5 ways to make meditation feel less of a chore

4 Real World benefits to meditation you didn’t know

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5 ways to make meditation feel less of a chore

1.Do your chores

The late great Alan Watts is a helpful inspiration for this. If you find meditation a chore then combine it with something that literally is so. The monotony that comes with washing up, vacuuming, cleaning the bathroom doesn’t need to be seen as a chore in the same way meditation seems to.

2.Incorporate it into your day

I get the train everyday. I have no time to wake up, get ready, have breakfast and meditate – unless I woke up at 5am which ain’t happening because I am not a monk. So I make use of the time I have available. As soon as I get on the train I spend 10 minutes in meditation. I close my eyes. Count my breaths. Relax.

There does come an element of worry, no doubt. What will other people think of this nutter on the train sat up straight with his eyes closed? Who cares? For all they know I am asleep. If you’re worrying what people think of you then you are in need of some meditation and mindfulness.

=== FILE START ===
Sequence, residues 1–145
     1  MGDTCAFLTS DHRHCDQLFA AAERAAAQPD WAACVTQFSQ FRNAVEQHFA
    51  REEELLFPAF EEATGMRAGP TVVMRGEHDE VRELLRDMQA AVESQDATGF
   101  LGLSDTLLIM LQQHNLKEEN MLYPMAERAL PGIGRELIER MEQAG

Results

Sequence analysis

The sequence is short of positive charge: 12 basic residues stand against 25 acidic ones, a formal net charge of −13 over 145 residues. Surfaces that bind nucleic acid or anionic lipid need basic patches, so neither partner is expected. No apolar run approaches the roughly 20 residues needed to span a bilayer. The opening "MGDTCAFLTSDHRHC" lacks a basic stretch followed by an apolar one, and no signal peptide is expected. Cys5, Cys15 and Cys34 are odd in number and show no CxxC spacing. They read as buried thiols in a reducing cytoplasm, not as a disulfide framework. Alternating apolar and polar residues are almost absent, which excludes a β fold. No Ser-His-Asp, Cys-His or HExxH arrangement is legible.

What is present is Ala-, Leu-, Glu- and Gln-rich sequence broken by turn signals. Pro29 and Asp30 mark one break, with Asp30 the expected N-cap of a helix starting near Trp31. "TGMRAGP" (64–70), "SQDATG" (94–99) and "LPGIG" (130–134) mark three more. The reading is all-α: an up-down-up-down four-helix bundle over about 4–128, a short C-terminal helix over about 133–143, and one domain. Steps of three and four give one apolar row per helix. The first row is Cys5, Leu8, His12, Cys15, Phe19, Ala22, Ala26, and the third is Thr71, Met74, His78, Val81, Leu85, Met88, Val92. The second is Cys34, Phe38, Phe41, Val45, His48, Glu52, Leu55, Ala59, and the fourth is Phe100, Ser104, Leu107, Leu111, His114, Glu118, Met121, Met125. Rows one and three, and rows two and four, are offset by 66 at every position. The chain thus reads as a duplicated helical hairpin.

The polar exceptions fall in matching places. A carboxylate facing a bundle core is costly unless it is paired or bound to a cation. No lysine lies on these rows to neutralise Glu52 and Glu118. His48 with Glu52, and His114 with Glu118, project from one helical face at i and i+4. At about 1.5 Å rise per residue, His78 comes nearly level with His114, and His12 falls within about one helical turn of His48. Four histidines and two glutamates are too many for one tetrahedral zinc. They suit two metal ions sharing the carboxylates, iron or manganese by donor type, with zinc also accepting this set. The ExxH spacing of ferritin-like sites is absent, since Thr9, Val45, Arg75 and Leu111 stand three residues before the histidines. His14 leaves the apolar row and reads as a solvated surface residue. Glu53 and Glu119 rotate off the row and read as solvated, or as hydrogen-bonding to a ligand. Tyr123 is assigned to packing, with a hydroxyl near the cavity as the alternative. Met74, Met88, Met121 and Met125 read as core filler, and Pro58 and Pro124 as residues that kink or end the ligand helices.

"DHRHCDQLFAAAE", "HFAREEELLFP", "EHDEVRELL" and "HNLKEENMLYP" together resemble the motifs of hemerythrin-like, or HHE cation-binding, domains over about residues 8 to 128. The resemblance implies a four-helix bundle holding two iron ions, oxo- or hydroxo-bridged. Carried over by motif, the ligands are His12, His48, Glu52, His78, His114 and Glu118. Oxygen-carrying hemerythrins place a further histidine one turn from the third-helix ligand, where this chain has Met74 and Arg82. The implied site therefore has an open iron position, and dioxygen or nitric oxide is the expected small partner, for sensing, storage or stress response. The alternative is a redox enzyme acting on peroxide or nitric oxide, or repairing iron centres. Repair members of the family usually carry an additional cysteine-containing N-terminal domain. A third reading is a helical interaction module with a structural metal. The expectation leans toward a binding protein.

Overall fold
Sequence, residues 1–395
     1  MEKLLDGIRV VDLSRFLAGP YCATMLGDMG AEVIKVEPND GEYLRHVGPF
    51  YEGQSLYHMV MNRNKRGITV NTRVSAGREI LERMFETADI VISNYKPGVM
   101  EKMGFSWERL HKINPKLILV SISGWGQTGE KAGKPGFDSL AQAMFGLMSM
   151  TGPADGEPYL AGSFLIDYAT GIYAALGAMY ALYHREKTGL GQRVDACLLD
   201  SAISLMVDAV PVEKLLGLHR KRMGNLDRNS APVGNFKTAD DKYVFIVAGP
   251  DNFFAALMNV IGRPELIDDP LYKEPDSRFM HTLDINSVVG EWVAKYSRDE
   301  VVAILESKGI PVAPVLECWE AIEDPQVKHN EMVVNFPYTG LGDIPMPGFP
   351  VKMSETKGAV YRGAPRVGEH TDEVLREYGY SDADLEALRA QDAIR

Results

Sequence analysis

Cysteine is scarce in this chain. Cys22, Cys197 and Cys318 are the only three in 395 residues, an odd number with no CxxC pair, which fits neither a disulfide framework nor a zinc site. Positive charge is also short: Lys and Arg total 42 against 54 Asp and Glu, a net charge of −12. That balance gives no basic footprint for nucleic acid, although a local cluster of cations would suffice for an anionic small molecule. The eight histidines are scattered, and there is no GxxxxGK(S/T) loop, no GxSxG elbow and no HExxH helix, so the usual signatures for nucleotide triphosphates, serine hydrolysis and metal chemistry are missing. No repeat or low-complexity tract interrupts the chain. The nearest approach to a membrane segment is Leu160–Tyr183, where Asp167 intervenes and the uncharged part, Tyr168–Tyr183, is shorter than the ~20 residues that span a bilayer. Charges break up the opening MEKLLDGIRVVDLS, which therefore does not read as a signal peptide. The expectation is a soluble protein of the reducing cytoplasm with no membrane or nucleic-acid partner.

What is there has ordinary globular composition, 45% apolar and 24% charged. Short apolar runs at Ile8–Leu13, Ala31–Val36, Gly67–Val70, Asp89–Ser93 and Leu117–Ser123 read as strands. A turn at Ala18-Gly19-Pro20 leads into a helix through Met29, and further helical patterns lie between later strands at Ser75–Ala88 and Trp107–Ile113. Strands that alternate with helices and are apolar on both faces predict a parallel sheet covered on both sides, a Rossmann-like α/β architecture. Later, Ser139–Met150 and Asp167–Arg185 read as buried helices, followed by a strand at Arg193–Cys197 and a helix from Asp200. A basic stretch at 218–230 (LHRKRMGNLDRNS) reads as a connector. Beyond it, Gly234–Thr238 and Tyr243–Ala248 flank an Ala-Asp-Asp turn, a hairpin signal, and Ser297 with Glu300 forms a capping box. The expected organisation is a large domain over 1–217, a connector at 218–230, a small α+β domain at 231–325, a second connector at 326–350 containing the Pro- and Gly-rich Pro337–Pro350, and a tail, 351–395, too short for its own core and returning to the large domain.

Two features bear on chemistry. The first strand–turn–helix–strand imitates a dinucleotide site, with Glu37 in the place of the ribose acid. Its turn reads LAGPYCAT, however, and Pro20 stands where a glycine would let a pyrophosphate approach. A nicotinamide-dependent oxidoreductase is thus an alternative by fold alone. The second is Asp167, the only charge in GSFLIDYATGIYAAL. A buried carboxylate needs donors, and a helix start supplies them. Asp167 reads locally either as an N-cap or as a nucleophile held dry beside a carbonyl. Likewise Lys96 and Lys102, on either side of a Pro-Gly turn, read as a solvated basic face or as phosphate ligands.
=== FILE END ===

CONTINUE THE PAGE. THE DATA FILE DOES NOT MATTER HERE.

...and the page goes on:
You will stop caring what people think when you realises how little they actually do, to paraphrase David Foster Wallace. If you are lucky enough to live in the UK, people will say nothing and move on with their lives.

It doesn’t need to be a train journey though. I can guarantee there will be 10, 5, even 2 minutes where you can just sit with yourself. Before setting off to work, just sit in the car and take a few breaths. As soon as you get to work compose yourself. Incorporate it into your day and it will notbe seen as such a ‘burden’